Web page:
Political Humor Break

Classic Clips from Our Political Comedy Heritage

By David Bushman

"I had a meeting with the entire membership of the Amalgamated Consolidated Negro Republicans—three of the nicest guys you'd ever want to meet. And we joined forces with the New Black Democrats, and the five of us went over, we went over and we challenged the joint session of Congress on minority inclusion. We asked them straightforward: 'Is there hope?' We said, 'Can a Negro ever become president?' They said, 'Yes, if he runs against a Puerto Rican.'"
—Nipsey Russell, The Jackie Gleason Show, 1969

Political Humor Break Continues...

Thirty-nine years later, Nipsey Russell's joke about a black president seems either prescient or obsolete—I'm not sure which. For those of us who best remember Russell as the jolly "poet laureate of television," popping up on game shows and Dean Martin celebrity roasts, who knew he even cared? With satire all over the airwaves these days—from Tina Fey's Sarah Palin impersonations to the faux newscasts of Jon Stewart and Stephen Colbert to the recent report that even CNN is getting into the act with a new show starring comedian D. L. Hughley—it seemed a good time to look back at the history of political humor on television and remember some of the pioneers: Bob Hope, Mort Sahl, Johnny Carson, and the Smothers Brothers.

And so we are reminded that satire and television have weathered some turbulent seas. True, Hope's puffball, "nondenominational" one-liners ruffled no one's feathers, and Carson's cool, calm Midwestern demeanor (and huge popularity, lining NBC's pockets with millions) earned him leeway, but the Sahl/Lenny Bruce-driven comedic revolution was mostly not televised, and The Smothers Brothers Comedy Hour crashed and burned over battles with network censors. (At the 2008 Emmy Awards, the TV establishment repented by awarding Tommy Smothers an honorary statuette and standing ovation.)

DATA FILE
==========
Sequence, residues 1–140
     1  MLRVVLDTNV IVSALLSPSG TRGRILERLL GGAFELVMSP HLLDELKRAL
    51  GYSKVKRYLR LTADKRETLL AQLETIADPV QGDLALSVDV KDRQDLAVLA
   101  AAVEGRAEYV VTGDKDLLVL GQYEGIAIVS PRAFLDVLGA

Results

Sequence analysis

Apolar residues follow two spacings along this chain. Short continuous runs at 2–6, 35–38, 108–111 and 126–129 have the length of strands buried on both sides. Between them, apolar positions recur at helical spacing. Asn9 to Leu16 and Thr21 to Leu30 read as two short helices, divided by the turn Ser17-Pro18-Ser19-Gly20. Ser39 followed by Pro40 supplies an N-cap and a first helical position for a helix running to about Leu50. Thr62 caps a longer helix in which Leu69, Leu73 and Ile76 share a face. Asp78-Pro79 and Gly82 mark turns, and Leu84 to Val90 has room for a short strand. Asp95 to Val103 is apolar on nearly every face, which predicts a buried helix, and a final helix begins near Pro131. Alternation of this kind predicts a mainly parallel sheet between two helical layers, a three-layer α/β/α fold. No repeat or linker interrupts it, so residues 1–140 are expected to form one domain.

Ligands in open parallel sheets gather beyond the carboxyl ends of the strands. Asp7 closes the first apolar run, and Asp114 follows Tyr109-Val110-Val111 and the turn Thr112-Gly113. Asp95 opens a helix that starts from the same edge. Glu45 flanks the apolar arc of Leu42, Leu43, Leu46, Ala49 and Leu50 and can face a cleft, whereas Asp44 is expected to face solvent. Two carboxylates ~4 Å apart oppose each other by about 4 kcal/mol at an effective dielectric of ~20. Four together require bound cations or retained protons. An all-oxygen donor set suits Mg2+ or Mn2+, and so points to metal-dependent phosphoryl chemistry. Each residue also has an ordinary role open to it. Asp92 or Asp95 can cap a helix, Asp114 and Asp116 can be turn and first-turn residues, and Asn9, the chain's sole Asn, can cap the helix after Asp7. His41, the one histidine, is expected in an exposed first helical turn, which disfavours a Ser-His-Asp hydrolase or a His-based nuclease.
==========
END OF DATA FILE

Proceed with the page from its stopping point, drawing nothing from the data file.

While it's tempting to look around at all the political humor on the airwaves today and state unequivocally that warfare of the CBS-Smothers Brothers variety is a thing of the past, it was just seven years ago that Politically Incorrect host Bill Maher was raked over the coals for his post-9/11 response to Bush's characterization of the terrorists as cowards. Who knows what will happen during the next crisis?

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